Note that in order to support heap sort, you’ve added an additional parameter upTo
to the siftDown
method. This way, the sift down only uses the unsorted part of the array, which shrinks with every iteration of the loop.
Finally, give your new method a try:
let heap = Heap(sort: >, elements: [6, 12, 2, 26, 8, 18, 21, 9, 5]) print(heap.sorted())
This should print:
[2, 5, 6, 8, 9, 12, 18, 21, 26]
Performance
Even though you get the benefit of inmemory sorting, the performance of heap sort is O(n log n) for its best, worse and average cases. This is because you have to traverse the whole list once, and every time you swap elements you must perform a sift down, which is an O(log n) operation.
Heap sort is also not a stable sort because it depends on how the elements are laid out and put into the heap. If you were heap sorting a deck of cards by their rank, for example, you might see their suit change order with respect to the original deck.
Where to Go From Here?
If you want to check the results of your work against ours, you can find the completed project in the downloads for this tutorial.
Heap sort is a natural application of the heap data structure and you now should have a solid grasp on how heap sorting works. You will use this as a fundamental building block in future chapters as you build your algorithm repertoire.
If you enjoyed what you learned in this tutorial, why not check out the complete Data Structures and Algorithms in Swift book, available on our store in early access?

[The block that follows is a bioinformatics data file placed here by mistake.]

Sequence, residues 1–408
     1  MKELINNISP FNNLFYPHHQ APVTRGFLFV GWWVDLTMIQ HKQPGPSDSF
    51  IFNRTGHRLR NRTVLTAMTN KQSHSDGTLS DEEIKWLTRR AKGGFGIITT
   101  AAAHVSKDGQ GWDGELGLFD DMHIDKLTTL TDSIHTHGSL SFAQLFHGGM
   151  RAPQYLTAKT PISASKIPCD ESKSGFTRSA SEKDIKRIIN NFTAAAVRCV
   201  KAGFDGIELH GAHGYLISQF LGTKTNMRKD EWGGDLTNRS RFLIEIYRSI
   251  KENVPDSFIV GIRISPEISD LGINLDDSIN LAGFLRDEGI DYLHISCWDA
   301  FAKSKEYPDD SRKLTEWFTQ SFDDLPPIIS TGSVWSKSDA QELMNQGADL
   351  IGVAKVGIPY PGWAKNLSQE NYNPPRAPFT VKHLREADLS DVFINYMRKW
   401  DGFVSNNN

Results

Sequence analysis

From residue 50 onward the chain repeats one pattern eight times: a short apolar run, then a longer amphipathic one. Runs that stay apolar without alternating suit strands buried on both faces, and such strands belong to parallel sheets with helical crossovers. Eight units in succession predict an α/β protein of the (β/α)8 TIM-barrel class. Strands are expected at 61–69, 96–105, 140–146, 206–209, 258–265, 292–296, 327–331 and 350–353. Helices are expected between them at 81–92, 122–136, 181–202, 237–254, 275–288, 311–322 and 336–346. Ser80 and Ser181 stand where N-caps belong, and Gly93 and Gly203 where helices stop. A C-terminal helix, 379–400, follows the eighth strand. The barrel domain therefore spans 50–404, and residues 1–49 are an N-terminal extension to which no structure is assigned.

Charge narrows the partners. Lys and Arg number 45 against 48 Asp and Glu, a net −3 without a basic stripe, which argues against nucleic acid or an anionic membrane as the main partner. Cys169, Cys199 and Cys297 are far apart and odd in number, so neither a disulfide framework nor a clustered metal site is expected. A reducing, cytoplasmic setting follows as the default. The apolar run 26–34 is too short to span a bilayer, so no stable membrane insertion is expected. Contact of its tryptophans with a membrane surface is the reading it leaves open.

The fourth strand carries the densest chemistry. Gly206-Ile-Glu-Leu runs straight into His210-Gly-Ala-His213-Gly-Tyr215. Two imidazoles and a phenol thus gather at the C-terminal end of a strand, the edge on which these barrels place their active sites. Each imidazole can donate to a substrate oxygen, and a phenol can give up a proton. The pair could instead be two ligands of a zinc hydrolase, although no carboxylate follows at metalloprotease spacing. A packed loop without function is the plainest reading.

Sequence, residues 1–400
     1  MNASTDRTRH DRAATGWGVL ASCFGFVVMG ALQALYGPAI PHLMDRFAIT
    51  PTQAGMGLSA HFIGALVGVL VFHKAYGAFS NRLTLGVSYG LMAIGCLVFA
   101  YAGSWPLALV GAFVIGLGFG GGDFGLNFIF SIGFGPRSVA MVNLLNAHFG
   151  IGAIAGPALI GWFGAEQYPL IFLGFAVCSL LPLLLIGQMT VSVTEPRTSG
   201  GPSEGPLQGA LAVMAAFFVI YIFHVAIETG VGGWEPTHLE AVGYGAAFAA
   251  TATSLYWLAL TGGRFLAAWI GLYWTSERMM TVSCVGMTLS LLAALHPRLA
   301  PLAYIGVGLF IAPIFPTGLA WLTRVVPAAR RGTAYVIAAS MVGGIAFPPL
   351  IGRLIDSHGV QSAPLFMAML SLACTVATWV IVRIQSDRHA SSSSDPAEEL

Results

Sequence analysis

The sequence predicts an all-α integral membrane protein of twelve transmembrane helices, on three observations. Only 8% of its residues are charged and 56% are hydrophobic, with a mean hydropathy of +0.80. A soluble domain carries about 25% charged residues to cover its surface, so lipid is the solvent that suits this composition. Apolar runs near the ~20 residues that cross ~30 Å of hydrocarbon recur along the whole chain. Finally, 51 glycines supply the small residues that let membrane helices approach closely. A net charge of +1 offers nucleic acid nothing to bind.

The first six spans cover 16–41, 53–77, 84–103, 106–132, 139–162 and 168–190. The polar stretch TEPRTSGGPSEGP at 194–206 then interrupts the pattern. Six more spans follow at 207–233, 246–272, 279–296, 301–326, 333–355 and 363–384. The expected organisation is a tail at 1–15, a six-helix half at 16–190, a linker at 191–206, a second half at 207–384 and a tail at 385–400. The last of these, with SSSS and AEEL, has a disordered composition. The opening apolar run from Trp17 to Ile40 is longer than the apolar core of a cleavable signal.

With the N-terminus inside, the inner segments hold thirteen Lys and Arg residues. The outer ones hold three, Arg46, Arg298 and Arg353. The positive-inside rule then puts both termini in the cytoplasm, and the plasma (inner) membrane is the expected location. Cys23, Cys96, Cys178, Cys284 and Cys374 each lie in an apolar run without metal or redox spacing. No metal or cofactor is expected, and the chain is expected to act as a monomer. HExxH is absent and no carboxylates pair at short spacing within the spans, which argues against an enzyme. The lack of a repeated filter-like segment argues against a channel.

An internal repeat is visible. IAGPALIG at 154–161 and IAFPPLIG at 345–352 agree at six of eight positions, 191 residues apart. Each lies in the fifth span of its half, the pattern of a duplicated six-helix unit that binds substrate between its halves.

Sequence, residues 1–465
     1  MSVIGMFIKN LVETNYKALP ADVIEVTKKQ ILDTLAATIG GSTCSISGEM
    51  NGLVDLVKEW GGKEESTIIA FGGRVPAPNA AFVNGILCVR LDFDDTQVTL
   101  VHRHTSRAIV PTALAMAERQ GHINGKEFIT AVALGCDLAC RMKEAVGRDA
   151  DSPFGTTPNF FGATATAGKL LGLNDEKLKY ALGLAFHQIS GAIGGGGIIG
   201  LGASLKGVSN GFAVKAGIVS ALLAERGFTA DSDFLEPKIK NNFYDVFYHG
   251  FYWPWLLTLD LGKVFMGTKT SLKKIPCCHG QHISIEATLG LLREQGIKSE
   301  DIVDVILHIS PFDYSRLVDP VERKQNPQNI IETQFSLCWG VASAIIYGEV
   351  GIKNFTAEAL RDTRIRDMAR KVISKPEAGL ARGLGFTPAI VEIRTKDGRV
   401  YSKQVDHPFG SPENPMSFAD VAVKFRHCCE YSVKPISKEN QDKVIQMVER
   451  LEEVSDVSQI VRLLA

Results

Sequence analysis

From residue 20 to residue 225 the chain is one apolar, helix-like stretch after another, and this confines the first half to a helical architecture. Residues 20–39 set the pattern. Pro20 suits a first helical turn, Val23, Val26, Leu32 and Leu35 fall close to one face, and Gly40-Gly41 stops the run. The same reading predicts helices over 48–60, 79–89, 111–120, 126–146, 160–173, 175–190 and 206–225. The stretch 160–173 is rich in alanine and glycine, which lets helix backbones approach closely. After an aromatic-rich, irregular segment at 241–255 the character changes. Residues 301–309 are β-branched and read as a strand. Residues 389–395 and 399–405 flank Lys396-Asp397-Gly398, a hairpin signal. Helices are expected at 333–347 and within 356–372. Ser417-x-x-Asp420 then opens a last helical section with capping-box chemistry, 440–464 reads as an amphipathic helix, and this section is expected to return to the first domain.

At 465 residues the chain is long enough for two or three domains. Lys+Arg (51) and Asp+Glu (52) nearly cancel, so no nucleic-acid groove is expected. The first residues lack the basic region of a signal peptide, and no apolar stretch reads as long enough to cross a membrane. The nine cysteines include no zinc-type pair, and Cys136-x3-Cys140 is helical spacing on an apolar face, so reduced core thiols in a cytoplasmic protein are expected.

In Data Structures and Algorithms in Swift, you’ll learn how to implement the most popular and useful data structures and when and why you should use one particular datastructure or algorithm over another. This set of basic data structures and algorithms will serve as an excellent foundation for building more complex and specialpurpose constructs.
As well, the highlevel expressiveness of Swift makes it an ideal choice for learning these core concepts without sacrificing performance.
 You’ll start with the fundamental structures of linked lists, queues and stacks, and see how to implement them in a highly Swiftlike way.
 Move on to working with various types of trees, including general purpose trees, binary trees, AVL trees, binary search trees and tries.
 Go beyond bubble and insertion sort with betterperforming algorithms, including mergesort, radix sort, heap sort and quicksort.
 Learn how to construct directed, nondirected and weighted graphs to represent many realworld models, and traverse graphs and trees efficiently with breadthfirst, depthfirst, Dijkstra’s and Prim’s algorithms to solve problems such as finding the shortest path or lowest cost in a network.
 And much, much more!
By the end of this book, you’ll have handson experience solving common issues with data structures and algorithms — and you’ll be well on your way to developing your own efficient and useful implementations.
To celebrate the launch of the book, it’s currently on sale as part of our Advanced Swift Spring Bundle for a massive 40% off. But don’t wait too long, as this deal is only on until Friday, April 27.
If you have any questions or comments on this tutorial, feel free to join the discussion below!
Team
Each tutorial at www.raywenderlich.com is created by a team of dedicated developers so that it meets our high quality standards. The team members who worked on this tutorial are:
 Author
Vincent Ngo  Tech Editor
Steven Van Impe  Final Pass Editor
Ray Fix